YouTube has removed a viral music video in India, released posthumously by murdered Sikh rapper Sidhu Moose Wala, following a complaint by the government.

The song “SYL” talks about the Sutlej-Yamuna Link (SYL) canal which has been at the centre of a long-running water dispute between the late Sikh rapper’s home state of Punjab and neighbouring Haryana.

The track, released posthumously on Thursday, also touched on other sensitive topics such as the deadly riots targeting the Sikh community that broke out in India in 1984 and the storming of an important Sikh temple in Amritsar by the army the same year.

The video had garnered nearly 30 million views and 3.3 million likes on the singer’s YouTube page before it was pulled down on Sunday.

“This content is not available on this country domain due to a legal complaint from the government,” said a message posted on the song link.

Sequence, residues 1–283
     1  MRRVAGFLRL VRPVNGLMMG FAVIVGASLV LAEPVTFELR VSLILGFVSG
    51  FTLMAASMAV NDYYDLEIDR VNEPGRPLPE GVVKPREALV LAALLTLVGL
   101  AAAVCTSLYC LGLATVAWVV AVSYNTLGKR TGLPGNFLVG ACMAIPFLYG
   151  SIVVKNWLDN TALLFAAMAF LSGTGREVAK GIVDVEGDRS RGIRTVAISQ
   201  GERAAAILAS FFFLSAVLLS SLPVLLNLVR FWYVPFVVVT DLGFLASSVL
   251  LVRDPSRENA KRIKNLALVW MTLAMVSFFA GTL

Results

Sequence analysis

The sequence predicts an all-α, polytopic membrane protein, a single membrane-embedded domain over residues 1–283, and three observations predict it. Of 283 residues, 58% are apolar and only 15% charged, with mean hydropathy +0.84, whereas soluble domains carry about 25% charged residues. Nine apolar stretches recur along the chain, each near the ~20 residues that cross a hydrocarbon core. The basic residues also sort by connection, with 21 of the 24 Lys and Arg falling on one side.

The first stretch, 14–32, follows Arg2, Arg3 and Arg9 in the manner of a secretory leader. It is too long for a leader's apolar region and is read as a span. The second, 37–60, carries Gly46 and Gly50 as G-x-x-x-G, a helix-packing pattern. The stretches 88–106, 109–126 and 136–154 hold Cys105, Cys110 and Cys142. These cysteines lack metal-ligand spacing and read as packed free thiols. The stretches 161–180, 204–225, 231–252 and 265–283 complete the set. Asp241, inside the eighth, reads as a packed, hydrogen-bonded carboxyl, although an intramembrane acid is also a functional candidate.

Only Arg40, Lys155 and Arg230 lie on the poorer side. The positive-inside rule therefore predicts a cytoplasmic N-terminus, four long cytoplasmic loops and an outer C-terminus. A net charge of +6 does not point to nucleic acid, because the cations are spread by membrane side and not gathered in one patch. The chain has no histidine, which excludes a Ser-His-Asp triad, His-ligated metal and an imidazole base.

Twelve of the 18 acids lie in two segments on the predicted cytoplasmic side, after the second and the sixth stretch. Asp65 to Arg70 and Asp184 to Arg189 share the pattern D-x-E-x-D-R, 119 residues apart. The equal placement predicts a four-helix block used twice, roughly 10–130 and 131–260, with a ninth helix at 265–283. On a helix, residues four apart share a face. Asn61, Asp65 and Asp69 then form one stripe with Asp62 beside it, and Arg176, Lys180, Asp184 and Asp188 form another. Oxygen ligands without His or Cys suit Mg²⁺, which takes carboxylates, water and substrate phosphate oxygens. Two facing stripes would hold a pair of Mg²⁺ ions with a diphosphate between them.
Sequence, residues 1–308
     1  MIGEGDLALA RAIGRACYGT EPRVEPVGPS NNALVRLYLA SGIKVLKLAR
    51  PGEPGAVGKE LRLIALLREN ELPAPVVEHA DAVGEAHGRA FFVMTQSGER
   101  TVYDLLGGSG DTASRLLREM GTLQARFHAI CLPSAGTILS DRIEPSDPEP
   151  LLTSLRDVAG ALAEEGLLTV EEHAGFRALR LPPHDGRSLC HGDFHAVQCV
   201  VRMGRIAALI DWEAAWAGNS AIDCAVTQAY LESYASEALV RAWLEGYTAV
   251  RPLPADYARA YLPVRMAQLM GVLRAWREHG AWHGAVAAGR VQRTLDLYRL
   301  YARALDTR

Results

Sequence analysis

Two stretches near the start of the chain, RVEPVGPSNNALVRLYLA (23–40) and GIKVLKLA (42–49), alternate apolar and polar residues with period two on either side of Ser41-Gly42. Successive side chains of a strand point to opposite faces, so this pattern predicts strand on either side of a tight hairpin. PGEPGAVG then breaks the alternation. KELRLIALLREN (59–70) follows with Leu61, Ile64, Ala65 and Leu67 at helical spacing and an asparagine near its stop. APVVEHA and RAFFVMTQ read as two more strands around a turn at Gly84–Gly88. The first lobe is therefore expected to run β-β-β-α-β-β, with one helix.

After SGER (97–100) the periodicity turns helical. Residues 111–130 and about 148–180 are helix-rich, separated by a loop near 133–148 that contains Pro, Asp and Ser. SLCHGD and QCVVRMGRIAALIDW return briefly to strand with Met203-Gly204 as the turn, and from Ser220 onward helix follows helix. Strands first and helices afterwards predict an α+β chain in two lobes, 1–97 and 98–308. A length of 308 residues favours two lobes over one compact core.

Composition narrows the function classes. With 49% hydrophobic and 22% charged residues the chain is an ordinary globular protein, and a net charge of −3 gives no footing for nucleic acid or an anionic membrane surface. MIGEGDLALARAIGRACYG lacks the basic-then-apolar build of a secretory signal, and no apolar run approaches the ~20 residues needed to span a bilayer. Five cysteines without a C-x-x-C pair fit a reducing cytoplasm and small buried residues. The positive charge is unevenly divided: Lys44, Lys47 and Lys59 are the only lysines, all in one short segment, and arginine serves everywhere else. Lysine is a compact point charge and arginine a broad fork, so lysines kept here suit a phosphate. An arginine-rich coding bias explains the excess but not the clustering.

The song is still available in other countries.

In an email to the AFP news agency, a YouTube spokesperson said it had only removed the song in “keeping with local laws and our Terms of Service after a thorough review”.

Moose Wala’s family termed the removal of the song “unjust” and appealed to the government to retract the complaint, local media reports said.

“They can ban the song but they cannot take Sidhu out of the hearts of the people. We will discuss legal options with lawyers,” uncle Chamkaur Singh was quoted as saying by the Hindustan Times newspaper.

Al Jazeera reached out to spokespersons of the ruling Bharatiya Janata Party (BJP) for their comments, but they did not respond.

Meanwhile, internet rights activists have raised concerns about censorship of online content by the government in “an opaque manner”, calling it a “concerning situation”.

“We don’t know when they (government orders) are issued and we only find out when someone is affected,” Prateek Waghre, policy director at Internet Freedom Foundation, a nonprofit that advocates for digital rights in India, told Al Jazeera.

“In this case, it was a high-profile account that was affected and it was noticed. In many cases, users don’t even find out when action is taken against their content.”

Waghre said there is a “continuous and progressive degradation” in “space for dissent” on the internet in India.

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